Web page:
Function

The clitoris is the human female's most sensitive erogenous zone and generally the primary anatomical source of human female sexual pleasure.

Development

In humans it develops from an outgrowth in the embryo called the genital tubercle. Initially undifferentiated, the tubercle develops into either a penis or a clitoris, depending on exposure to androgens (primarily male hormones):

  • If exposed to testosterone, the genital tubercle elongates to form the penis. By fusion of the urogenital folds – elongated spindle-shaped structures that contribute to the formation of the urethral groove on the belly aspect of the genital tubercle – the urogenital sinus closes completely and forms the spongy urethra, and the labioscrotal swellings unite to form the scrotum.
  • In the absence of testosterone, the genital tubercle allows for formation of the clitoris; the initially rapid growth of the phallus gradually slows and the clitoris is formed (Pic. 1). The urogenital sinus persists as the vestibule of the vagina, the two urogenital folds form the labia minora, and the labioscrotal swellings enlarge to form the labia majora, completing the 
    female genitalia (Pic. 2).

Anatomical structure

The clitoris is a complex structure, containing external and internal components (Pic. 3). It consists of:

  • glans (including the frenulum clitoridis) - a frenulum on the under-surface of the glans and is created by the two medial parts of the labia minora
  • clitoral body - forms a wishbone-shaped structure containing the corpora cavernosa (a pair of sponge like regions of erectile tissue which contain most of the blood in the clitoris during clitoral erection)
  • two clitoral crura
  • clitoral hood - formed by the labia minora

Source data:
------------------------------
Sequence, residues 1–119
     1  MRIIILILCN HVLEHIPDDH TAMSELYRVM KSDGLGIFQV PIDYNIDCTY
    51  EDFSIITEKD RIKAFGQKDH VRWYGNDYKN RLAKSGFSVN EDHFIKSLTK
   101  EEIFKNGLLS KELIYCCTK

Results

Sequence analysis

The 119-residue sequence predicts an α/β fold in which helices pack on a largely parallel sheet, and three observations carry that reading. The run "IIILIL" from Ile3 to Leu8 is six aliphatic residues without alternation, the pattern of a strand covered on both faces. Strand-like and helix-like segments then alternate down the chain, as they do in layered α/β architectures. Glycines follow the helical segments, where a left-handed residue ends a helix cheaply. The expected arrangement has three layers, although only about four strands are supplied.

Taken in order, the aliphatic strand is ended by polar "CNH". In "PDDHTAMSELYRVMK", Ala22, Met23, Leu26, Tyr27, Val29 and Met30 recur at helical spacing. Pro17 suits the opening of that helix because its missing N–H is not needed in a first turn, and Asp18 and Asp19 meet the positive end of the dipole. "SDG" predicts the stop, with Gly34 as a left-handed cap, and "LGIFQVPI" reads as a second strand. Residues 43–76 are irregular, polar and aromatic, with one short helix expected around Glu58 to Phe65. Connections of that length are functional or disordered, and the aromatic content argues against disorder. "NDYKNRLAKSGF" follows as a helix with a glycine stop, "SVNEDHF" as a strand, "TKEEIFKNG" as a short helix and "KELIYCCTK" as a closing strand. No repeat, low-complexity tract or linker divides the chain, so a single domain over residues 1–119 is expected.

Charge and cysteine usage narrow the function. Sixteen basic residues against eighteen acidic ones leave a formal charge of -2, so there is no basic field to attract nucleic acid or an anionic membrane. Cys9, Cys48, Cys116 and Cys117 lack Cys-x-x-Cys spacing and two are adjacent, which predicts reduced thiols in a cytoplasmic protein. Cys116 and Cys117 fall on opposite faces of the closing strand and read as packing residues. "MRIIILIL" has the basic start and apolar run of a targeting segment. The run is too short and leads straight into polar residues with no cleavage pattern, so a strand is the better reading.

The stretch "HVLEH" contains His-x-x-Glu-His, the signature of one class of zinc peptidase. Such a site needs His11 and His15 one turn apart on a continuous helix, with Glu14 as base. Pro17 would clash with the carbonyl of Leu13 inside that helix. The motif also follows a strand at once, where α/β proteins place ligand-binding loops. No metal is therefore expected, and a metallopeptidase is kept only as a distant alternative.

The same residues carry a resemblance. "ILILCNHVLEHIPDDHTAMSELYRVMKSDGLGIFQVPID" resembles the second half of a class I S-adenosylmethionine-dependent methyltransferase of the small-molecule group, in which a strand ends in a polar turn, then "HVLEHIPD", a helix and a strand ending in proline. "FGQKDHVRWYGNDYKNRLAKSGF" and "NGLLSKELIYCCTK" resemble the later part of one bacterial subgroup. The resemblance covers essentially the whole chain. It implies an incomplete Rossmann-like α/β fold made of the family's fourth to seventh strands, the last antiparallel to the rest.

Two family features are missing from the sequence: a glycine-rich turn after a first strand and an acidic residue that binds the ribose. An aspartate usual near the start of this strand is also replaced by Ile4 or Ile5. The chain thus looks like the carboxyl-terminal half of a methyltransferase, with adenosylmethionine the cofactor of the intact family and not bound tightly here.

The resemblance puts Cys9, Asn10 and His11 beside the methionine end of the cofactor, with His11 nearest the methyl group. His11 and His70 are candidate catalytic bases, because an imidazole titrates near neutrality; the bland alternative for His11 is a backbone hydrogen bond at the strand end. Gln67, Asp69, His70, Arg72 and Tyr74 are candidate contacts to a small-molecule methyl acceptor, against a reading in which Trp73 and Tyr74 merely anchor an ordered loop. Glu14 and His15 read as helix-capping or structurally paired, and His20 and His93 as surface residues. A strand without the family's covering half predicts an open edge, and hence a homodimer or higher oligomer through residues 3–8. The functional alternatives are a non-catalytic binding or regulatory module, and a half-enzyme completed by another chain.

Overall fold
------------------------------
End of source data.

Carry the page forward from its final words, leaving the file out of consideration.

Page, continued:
• vestibular or clitoral bulbs - aggregations of erectile tissue that are an internal part of the clitoris

Histological structure

The clitoris, vestibular bulbs, labia minora, and urethra involve two histologically distinct types of vascular tissue (tissue related to blood vessels):

  1. Erectile tissue (trabeculated) - has a spongy appearance; along with blood, it fills the large, dilated vascular spaces of the clitoris and the bulbs. Beneath the epithelium of the vascular areas is smooth muscle. It may also be that the urethral lumen (the inner open space or cavity of the urethra), which is surrounded by spongy tissue, has tissue that "is grossly distinct from the vascular tissue of the clitoris and bulbs, and on macroscopic observation, is paler than the dark tissue" of the clitoris and bulbs.
  2. Non – erectile tissue - the clitoral body becomes engorged with blood upon sexual arousal, erecting the clitoral glans, some sources describe the clitoral glans and labia minora as composed of non-erectile tissue; this is especially the case for the glans. They state that the clitoral glans and labia minora have blood vessels that are dispersed within a fibrous matrix and have only a minimal amount of smooth muscle, or that the clitoral glans is "a midline, densely neural, non-erectile structure". Other sources state that the glans is composed of erectile tissue and that erectile tissue is present within the labia minora; adipose tissue is absent in the labia minora, but the organ may be described as being made up of dense connective tissue, erectile tissue and elastic fibers.

Highly innervated, the glans exists at the tip of the clitoral body as a fibro-vascular cap, and is usually the size and shape of a pea, although it is sometimes much larger or smaller. While whether or not the glans is composed of erectile or non-erectile tissue is subject to debate. The entire clitoris, is estimated to have 8,000 or more sensory nerve endings.

Sources

Clitoris ―sourced from Boundless licensed under CC BY-SA 4.0
Clitoris ―sourced from Wikipedia licensed under CC BY-SA 3.0
Bulb of vestibule ―sourced from Wikipedia licensed under CC BY-SA 3.0
Gray1119 ―by Carter licensed under CC0 1.0
Labia separated exposing vaginal opening ―by Sci-img licensed under CC0 1.0
EdSim Clitoris anatomy ―unknown licensed under CC BY 3.0
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